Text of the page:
As Facebook pushes into developing countries, it tends to be initially received as a force for good.
In Sri Lanka, it keeps families in touch even as many work abroad. It provides for unprecedented open expression and access to information. Government officials say it was essential for the democratic transition that swept them into office in 2015.
But where institutions are weak or undeveloped, Facebook’s newsfeed can inadvertently amplify dangerous tendencies. Designed to maximize user time on site, it promotes whatever wins the most attention. Posts that tap into negative, primal emotions like anger or fear, studies have found, produce the highest engagement, and so proliferate.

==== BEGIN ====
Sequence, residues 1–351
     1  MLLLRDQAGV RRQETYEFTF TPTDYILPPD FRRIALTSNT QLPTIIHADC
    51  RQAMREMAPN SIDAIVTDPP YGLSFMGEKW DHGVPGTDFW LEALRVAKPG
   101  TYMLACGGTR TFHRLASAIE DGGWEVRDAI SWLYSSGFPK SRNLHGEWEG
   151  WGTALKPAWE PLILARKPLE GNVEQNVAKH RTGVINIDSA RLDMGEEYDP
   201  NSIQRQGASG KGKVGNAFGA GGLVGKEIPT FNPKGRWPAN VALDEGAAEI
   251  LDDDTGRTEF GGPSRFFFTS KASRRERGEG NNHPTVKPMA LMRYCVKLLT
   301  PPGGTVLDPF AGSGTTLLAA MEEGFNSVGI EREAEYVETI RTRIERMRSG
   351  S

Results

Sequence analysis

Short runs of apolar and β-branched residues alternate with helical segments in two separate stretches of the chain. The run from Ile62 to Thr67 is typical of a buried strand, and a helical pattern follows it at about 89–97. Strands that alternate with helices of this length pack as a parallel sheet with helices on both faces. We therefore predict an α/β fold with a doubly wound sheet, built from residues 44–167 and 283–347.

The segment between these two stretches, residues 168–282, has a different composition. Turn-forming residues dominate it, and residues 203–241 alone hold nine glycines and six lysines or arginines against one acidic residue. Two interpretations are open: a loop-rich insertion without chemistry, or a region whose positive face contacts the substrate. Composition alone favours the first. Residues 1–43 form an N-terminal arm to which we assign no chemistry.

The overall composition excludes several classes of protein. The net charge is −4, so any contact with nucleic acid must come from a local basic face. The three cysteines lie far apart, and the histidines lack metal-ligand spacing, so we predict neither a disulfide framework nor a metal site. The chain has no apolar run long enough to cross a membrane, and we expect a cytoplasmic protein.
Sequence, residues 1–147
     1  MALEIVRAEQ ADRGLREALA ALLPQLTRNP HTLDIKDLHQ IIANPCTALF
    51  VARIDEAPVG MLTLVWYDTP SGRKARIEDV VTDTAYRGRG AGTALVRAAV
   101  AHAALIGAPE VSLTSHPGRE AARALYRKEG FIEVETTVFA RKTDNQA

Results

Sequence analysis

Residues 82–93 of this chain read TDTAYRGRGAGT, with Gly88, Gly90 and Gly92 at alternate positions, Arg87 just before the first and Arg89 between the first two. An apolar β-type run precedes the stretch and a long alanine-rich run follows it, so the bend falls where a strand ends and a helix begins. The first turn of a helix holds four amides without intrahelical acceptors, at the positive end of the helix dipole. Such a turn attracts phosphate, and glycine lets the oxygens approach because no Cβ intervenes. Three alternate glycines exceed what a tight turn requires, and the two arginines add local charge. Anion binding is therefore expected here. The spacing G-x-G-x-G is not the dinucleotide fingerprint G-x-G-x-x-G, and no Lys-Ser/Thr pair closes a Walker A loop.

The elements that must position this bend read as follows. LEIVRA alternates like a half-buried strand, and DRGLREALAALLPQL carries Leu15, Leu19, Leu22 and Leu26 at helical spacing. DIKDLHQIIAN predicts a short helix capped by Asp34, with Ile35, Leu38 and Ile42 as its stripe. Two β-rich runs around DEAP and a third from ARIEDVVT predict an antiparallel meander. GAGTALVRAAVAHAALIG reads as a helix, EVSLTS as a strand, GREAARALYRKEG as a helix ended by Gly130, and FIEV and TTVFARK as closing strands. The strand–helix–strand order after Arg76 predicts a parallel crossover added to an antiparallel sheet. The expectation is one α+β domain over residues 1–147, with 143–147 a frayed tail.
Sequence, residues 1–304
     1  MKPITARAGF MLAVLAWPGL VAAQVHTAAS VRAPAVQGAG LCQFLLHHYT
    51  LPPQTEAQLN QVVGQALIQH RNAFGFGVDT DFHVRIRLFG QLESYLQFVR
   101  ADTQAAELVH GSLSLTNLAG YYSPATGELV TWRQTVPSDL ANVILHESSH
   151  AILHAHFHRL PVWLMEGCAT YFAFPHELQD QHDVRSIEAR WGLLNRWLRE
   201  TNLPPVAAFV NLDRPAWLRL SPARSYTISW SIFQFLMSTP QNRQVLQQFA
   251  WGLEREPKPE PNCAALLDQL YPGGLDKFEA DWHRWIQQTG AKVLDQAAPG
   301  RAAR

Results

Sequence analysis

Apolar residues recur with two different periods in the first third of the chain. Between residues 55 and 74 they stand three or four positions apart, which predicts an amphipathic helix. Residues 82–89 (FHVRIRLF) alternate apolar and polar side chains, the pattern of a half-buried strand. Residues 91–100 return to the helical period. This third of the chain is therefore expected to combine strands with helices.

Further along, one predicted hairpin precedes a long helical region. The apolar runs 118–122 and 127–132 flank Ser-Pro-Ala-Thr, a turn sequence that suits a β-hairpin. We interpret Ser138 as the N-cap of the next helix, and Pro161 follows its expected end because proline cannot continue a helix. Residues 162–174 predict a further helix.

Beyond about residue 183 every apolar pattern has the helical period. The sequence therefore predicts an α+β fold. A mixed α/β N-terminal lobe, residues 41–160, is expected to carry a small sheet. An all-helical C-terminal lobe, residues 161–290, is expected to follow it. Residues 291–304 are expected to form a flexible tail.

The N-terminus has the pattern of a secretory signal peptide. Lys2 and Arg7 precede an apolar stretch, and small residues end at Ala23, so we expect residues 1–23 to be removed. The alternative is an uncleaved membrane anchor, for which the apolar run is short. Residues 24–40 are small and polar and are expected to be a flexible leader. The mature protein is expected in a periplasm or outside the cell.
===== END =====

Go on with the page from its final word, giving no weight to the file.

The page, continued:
In the Western countries for which Facebook was designed, this leads to online arguments, angry identity politics and polarization. But in developing countries, Facebook is often perceived as synonymous with the internet and reputable sources are scarce, allowing emotionally charged rumors to run rampant. Shared among trusted friends and family members, they can become conventional wisdom.
And where people do not feel they can rely on the police or courts to keep them safe, research shows, panic over a perceived threat can lead some to take matters into their own hands — to lynch.
“The germs are ours, but Facebook is the wind.” On how the social media giant fanned the flames of a pogrom that lay waste to Muslim homes and businesses in Sri Lanka. Superb reporting by @amandataub and @Max_Fisher https://t.co/aHEXtyFePJ
— Rukmini Callimachi (@rcallimachi) April 22, 2018